Various Rating Actions Taken On 83 Classes From 12 U.S. RMBS Transactions

OVERVIEW
  • We reviewed 83 ratings on 12 U.S. RMBS transactions issued between 2003 and 2007. All of these transactions are backed by alternative-A and negative amortization loans.
  • Of the 83 ratings, we raised 25, lowered 11, and affirmed 47.
CENTENNIAL (S&P Global Ratings) Dec. 19, 2018--S&P Global Ratings today 
completed its review of 83 classes from 12 U.S. residential mortgage-backed 
securities (RMBS) transactions issued between 2003 and 2007. All of these 
transactions are backed by alternative-A and negative amortization loans. The 
review yielded 25 upgrades, 11 downgrades, and 47 affirmations.

ANALYTICAL CONSIDERATIONS
We incorporate various considerations into our decisions to raise, lower, or 
affirm ratings when reviewing the indicative ratings suggested by our 
projected cash flows. These considerations are based on transaction-specific 
performance or structural characteristics (or both) and their potential 
effects on certain classes. Some of these considerations include: 
  • Collateral performance/delinquency trends;
  • Historical interest shortfalls;
  • Priority of principal payments;
  • Proportion of reperforming loans in the pool; and
  • Available subordination and/or overcollateralization.
RATING ACTIONS
Please see the ratings list for the rationales for classes with rating 
transitions. The affirmations of ratings reflect our opinion that our 
projected credit support and collateral performance on these classes have 
remained relatively consistent with our prior projections.

We raised our ratings on 23 classes as a result of increased credit support. 
These classes have benefited from the failure of performance triggers and/or 
reduced subordinate-class principal distribution amounts, which has built 
credit support for these classes as a percent of their respective deal 
balance. Ultimately, we believe these classes have credit support that is 
sufficient to withstand losses at higher rating levels.

We raised our ratings on classes 15-PO and 30-PO from MASTR Alternative Loan 
Trust 2004-4. These two classes are principal-only securities that receive 
principal from stripped portions of discount loans. Per our criteria, 
"Methodology For Surveilling U. S. RMBS Principal-Only Strip Securities For 
Pre-2009 Originations," published Oct. 11, 2016, the creditworthiness of these 
types of classes is typically commensurate with the creditworthiness of the 
weakest principal and interest (P&I) senior securities in their related 
structures. Classes 15-PO and 30-PO have superior creditworthiness compared to 
the weakest P&I senior class 9-A-1. Class 9-A-1 has greater default risk as a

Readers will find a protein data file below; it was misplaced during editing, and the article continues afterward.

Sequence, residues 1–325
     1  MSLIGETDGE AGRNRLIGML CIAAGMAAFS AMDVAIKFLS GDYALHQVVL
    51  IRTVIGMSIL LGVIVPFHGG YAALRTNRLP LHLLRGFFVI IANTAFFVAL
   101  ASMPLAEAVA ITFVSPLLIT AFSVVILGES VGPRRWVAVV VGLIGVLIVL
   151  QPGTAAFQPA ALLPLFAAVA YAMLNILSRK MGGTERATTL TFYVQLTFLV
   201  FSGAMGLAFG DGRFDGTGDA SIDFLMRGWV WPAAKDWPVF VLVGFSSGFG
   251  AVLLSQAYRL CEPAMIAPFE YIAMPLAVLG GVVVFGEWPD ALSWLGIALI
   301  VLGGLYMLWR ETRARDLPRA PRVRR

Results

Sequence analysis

result of two term-extended modified loans that are currently delinquent, but 
neither of these loans are discount loans. Therefore, classes 15-PO and 30-PO 
do not face the risk of the two loans defaulting and, ultimately, we de-linked 
their ratings from that of class 9-A-1.

We lowered our ratings on classes M-3 and B from MASTR Adjustable Rate 
Mortgages Trust 2004-2 after assessing the impact of missed interest payments 
on these classes. These downgrades are based on our cash flow projections used 
in determining the likelihood that the missed interest payments would be 
reimbursed under various scenarios because these classes receive additional 
compensation for outstanding missed interest payments.

We lowered our rating on class 9-A-1 from MASTR Alternative Loan Trust 2004-4 
as a result of increased delinquencies. This class was originally expected to 
mature no later than 15 years from issuance, but two loans were modified with 
significant term extensions. Both of these loans have maturities well beyond 
class 9-A-1's original expected maturity. Both of these loans are currently 
delinquent, and the total balance of all other loans in group nine is 
insufficient to fully pay down class 9-A-1. As a result, this creates the risk 
of back-end defaults, and we believe class 9-A-1 has credit support that is 
insufficient to withstand losses at higher rating levels.

We lowered our rating on class 2A1C from Harborview Mortgage Loan Trust 
2006-CB1 due to reduced interest payments resulting from loan modifications in 
the collateral loan pool. Of the total loans in the related pool, 65.7% have 
been modified, and many were modified with rate reductions. In turn, these 
credit events have resulted in lessened interest to class 2A1C. Per table one 
in our criteria, "Methodology For Incorporating Loan Modifications And 
Extraordinary Expenses Into U.S. RMBS Ratings," April 17, 2015, the cumulative 
interest reduction amount (CIRA) has exceeded the max potential rating 
threshold at the prior rating level, which requires a rating downgrade. 
Although timely payments of interest due and the ultimate payment of principal 
to class 2A1C are guaranteed by Freddie Mac, the amount of interest that was 
lost due to modifications is not guaranteed.
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